This book is drawn from diverse studies that grapple with Black Middle Class experiences in contemporary and historical South Africa. The chapters present research from diverse disciplines, and tackle issues related to being black and middle class, using both quantitative and qualitative approaches. Like many other social phemena, the black middle class concept is seen as complex and t easy to pin down. As a result, conceptualizations from these chapters are dynamic and relevant for understanding the position of the black middle class in contemporary South African society. An interesting dynamic explored by contributors is the critical engagement with the usually reductionist tions of black middle class experiences as ahistorical, homogeus experiences of a group of conspicuous consumers. These limiting tions are unpacked and repositioned in how the book is structured. This book was published as a special issue of Development Southern Africa.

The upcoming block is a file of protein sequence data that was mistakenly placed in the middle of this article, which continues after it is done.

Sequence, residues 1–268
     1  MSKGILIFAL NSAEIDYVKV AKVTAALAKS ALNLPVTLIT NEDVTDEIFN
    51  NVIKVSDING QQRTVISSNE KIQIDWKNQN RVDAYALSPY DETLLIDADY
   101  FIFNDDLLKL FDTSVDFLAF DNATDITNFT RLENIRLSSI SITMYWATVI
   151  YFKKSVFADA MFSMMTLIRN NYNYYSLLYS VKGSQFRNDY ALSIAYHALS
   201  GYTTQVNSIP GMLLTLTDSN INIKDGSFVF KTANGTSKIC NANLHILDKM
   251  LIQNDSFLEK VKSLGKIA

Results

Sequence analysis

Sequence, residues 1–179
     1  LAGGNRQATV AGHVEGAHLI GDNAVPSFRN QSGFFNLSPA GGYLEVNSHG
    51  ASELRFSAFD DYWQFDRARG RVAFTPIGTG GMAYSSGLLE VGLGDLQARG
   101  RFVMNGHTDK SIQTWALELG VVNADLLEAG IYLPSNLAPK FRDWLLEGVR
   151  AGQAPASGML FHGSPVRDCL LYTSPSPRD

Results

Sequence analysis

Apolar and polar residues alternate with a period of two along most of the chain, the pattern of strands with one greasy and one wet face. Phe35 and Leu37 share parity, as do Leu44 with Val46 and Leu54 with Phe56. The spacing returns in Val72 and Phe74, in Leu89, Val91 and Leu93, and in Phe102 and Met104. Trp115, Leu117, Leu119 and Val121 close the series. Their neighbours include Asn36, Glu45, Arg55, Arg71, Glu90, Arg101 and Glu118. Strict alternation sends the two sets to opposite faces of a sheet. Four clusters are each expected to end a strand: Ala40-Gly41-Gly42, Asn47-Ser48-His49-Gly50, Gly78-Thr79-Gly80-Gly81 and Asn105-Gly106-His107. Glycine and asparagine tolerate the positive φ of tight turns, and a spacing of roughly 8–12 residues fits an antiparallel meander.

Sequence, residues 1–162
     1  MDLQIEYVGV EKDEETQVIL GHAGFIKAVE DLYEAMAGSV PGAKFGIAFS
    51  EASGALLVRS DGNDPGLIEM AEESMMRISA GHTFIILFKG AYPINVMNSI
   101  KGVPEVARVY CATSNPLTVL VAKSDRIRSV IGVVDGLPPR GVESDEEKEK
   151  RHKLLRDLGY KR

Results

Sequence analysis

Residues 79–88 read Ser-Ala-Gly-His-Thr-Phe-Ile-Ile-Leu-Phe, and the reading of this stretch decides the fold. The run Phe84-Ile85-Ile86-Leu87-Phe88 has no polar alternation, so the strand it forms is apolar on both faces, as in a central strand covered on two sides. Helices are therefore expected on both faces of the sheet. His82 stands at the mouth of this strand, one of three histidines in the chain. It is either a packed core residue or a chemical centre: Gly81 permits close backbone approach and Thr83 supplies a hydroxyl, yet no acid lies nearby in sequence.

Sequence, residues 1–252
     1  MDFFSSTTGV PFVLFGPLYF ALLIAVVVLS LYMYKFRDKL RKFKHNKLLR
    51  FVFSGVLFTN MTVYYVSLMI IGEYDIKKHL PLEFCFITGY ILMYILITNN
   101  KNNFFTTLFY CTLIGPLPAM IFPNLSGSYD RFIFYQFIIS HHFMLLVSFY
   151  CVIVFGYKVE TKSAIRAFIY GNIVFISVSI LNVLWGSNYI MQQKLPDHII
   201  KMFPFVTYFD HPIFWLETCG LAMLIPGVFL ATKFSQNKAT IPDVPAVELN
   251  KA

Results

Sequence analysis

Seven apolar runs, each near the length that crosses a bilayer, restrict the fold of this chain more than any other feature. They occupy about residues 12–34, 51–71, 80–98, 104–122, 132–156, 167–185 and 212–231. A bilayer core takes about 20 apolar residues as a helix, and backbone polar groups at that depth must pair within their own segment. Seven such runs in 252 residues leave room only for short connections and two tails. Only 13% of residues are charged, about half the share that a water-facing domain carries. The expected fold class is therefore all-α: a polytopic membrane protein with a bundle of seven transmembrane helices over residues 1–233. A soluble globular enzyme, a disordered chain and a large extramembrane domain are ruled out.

Grace Khunou is Associate Professor in the Sociology Department at the University of Johannesburg, South Africa. She writes creatively and academically, and has published articles in peer-reviewed journals and written chapters in edited books. She has also presented papers in international and local conferences. Her research interests are focused on gender and social policy, the Black Middle Class, narrative research, and transformation in Higher Education. She is a member and convener of the health working group for the South African Sociological Association, and a member of the International Sociological Association. She has recently co-edited a special issue on Father Connections for the Open Family Studies Journal, and a Special Issue on the emergent Black Middle Class for the journal Development Southern Africa.